Get Bigger, Faster – 3 Steps to Better Shoulder Workouts
I don’t see too many guys (or gals, for that matter) get fired up about shoulder training. The typical commercial gym delt smashing session looks something like this:
- Smith machine seated overhead presses – Performed with light weight, of course. This is a horrible way to start a shoulder training workout, not to mention the Smith machine inherently sucks. In fact, my testosterone levels just dropped thinking about this weak-sauce (almost completely useless) contraption.
- Side lateral raises – Typically using either a weight that wouldn’t challenge a 90 year old nun, or a something far too heavy. Half-swinging a 70 pound dumbbell probably works your core more than your shoulders, bro.
- Front dumbbell raise – Ah, yes…the front raise. As if your front delts need any more work after completely 42 sets of bench press this week. I’ve yet to see a seasoned lifter with small front delts. Heavy bench and overhead presses are really all you need to build monster anterior deltoids. Direct front shoulder work is simply not needed, and in fact, likely contributing to a shoulder girdle imbalance.
…and, that’s about it. Occasionally you’ll see rear delt work or upright rows thrown into the mix. Even then, it’s typically uninspired and makes me feel catabolic just watching it.
This type of globo gym, limp wrist gains training isn’t going to cut it. If you’re after shoulder beef and brawn, it’s time to start training smart AND hard. Here are 3 steps that can help you turn your tiny delts into thick, strong cannonballs.
I’ve been using this type of structure for over 20 years. It’s not magic, but it works damn well.
Step #1 – Start With a Strength-Focused Barbell or Dumbbell Exercise
This is an obvious tip, but an important one. Trainees don’t hesitate to jump on the bench press and pound out heavy, low rep sets. When it comes to shoulder training though, the effectiveness of this approach is quickly forgotten.
I suggest leading off with 2-3 heavy sets in the 4 to 8 rep range. Exercise choice doesn’t really matter, as long as it’s a barbell or dumbbell variation. If you choose to start your workout with a barbell exercise, follow it up with dumbbell volume (see below)…and vice versa.
Quality variations include:
- Military press or push press
- Seated barbell shoulder press or seated behind the neck press
- Arnold press, seated or standing
- Standing one arm dumbbell press
- Seated or standing two arm dumbbell press
Use the same weight for each set. There’s no point in messing around, changing weight from set to set.
Now push each set for as many reps as possible, stopping when you either:
- Feel like you might fail on the next rep.
- Feel like your exercise form is starting to slip.
Pay attention to this next point, because it’s important. If you are performing 2 sets, add weight to the bar when you reach 12 total reps. This is NOT 12 reps PER set, but rather 12 total reps between the 2 sets. If you are performing 3 sets, add weight to the bar when you reach 18 total reps.
Step #2 – Next Up, Crush Your Delts With Volume
Now that the intensity work is done, it’s time for volume. Put your shoulders to the test. They do not need to be babied.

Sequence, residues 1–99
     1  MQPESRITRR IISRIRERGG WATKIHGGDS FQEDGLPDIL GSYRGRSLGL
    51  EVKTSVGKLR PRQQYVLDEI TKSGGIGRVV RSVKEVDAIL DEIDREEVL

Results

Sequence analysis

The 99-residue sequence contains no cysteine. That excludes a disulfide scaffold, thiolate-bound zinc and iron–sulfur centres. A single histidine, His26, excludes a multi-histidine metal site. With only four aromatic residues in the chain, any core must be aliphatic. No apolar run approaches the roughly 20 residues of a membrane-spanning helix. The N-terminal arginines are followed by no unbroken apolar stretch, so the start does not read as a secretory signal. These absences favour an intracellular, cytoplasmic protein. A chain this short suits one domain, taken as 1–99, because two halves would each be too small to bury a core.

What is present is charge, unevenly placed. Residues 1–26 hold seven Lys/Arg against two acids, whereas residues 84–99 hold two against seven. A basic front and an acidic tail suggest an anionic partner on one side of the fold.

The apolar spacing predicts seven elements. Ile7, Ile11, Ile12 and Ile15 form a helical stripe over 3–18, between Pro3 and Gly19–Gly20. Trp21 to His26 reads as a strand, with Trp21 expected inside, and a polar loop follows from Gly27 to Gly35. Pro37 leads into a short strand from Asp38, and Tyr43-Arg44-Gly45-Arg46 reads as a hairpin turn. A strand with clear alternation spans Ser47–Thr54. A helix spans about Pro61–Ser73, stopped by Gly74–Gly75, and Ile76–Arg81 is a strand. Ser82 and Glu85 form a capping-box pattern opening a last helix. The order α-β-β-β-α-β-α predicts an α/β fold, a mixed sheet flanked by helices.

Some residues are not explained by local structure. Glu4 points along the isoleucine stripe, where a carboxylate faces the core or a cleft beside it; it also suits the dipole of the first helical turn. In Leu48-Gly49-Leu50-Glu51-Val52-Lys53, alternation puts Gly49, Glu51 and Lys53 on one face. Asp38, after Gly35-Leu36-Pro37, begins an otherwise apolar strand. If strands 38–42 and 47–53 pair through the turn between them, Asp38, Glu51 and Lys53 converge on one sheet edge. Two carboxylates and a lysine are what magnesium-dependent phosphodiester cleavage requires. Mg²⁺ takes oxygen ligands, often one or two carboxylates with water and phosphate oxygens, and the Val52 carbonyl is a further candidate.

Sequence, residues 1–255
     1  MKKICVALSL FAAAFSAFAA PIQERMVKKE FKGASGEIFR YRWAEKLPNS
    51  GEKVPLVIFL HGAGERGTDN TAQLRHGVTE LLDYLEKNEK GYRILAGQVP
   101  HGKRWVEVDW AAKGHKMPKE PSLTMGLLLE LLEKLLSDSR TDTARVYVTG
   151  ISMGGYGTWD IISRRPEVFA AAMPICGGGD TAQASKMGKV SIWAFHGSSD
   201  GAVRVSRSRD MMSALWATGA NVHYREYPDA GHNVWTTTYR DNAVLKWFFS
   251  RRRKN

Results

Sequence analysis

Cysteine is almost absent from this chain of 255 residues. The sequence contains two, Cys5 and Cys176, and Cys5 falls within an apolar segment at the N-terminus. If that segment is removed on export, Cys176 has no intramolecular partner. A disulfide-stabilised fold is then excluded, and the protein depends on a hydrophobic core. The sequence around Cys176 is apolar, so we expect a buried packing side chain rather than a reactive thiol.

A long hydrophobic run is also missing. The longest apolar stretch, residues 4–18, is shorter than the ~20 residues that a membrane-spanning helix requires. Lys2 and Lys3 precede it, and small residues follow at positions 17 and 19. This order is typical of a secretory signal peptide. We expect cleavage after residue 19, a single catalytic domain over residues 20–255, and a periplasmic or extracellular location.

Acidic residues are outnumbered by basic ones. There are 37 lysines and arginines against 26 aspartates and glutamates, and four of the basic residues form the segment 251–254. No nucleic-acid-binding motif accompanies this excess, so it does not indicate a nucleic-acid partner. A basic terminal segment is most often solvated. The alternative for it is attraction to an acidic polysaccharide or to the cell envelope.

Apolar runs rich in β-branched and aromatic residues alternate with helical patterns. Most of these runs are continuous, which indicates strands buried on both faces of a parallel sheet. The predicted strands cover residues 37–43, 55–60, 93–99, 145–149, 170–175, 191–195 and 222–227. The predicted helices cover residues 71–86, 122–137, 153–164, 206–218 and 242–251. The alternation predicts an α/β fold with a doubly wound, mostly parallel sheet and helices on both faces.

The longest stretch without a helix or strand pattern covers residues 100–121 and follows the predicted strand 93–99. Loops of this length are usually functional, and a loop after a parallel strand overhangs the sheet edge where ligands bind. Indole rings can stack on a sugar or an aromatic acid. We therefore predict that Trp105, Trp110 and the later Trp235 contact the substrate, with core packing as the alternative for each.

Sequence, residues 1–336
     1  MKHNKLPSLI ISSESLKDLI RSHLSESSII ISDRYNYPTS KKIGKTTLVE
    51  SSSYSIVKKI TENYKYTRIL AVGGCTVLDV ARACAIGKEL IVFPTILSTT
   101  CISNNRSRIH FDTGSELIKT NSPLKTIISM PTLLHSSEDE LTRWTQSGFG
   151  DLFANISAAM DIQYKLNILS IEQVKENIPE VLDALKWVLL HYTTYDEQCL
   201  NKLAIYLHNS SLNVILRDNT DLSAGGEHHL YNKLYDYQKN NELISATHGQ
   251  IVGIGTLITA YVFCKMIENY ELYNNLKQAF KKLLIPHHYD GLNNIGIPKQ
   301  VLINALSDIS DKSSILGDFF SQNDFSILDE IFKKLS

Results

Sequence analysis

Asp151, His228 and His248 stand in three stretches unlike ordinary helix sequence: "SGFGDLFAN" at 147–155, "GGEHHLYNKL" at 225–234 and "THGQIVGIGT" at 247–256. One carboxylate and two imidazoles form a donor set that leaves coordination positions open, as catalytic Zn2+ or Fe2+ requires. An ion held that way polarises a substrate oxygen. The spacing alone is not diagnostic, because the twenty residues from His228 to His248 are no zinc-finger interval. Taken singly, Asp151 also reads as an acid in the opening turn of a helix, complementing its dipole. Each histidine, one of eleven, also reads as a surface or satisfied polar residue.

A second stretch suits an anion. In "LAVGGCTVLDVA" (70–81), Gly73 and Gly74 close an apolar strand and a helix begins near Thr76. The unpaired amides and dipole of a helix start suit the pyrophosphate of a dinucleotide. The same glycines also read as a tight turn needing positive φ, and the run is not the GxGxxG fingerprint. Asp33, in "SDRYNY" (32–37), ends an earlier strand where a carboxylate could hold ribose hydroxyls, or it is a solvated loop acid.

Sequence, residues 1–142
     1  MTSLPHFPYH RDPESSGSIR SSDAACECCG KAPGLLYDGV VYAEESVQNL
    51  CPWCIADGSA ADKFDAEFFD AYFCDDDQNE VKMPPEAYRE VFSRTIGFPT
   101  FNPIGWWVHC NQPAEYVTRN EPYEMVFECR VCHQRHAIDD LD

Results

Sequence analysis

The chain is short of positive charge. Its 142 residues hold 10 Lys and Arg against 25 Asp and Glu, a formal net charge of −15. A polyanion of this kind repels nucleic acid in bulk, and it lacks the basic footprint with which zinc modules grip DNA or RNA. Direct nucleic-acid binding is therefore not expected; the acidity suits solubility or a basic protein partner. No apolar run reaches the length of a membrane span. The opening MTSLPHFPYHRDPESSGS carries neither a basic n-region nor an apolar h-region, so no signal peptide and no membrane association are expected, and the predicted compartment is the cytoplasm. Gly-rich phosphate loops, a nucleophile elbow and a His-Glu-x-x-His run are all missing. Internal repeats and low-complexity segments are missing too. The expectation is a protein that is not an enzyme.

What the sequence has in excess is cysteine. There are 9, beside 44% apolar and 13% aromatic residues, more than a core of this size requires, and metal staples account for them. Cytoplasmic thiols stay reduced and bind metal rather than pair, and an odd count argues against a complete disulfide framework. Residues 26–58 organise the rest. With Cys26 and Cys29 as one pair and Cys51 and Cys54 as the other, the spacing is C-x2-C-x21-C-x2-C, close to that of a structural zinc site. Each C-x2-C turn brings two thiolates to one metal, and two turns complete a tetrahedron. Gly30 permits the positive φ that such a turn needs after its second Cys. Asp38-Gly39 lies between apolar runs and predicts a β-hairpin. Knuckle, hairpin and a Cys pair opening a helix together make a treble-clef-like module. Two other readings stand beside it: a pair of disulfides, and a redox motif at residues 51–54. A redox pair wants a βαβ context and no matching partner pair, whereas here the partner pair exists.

Volume work is excellent for building muscle. And if strength is your goal, this combination of improved muscularity and shoulder conditioning will only help forge more powerful deltoids.
I suggest 4 to 5 sets of 10 reps, but you can utilize as few as 3 sets. Use the same weight for each set. When you are able to perform 10 total reps per set, add weight.
Remember the point made above: if you begin your workout with a barbell exercise variation, your volume work should feature a dumbbell. If you begin your session with a dumbbell exercise, perform volume work with a barbell variation.
Here are some combinations that I like:
- Military press (Heavy Work) + Seated dumbbell press (Volume Work)
- Standing one arm dumbbell press (Heavy Work) + Seated barbell press (Volume Work)
- Push press (Heavy Work) + Seated Arnold press (Volume Work)
Step #3 – Perform Vertical Grip Bent Over Laterals
Vertical what? Grip what?
99.99% of the time trainees perform bent over laterals with their palms facing the ground. While this is effective, it’s not optimal. Try this small tweak…
Get in the starting position for this exercise. Now, rotate your hands so that your palms are facing behind you rather than towards your legs. Perform each rep using this same hand position. At peak contraction your hands should remain facing in this same direction – thumbs down, palms facing backwards.
Using this small adjustment you should be able to feel your rear delts working harder during each rep.
Rotate your hands so that your palms are facing behind you rather than towards your legs. Perform each rep using this same hand position.
Shoulder Workout for Big Gains
Now let’s look at a complete workout. I’ve been using this type of structure for over 20 years. It’s not magic, but it works damn well. Make adjustments as needed.
To learn more about my system of training, please check out my book Massive Iron available here at Tiger Fitness.
|get Bigger, Faster|
|Standing Overhead Press||2||12 Rep Goal|
|Seated Dumbbell Press||4||10|
|Side Lateral Raise||3||10|
|Bent Over Laterals||4||10|
Questions about this article or workout, please leave them below.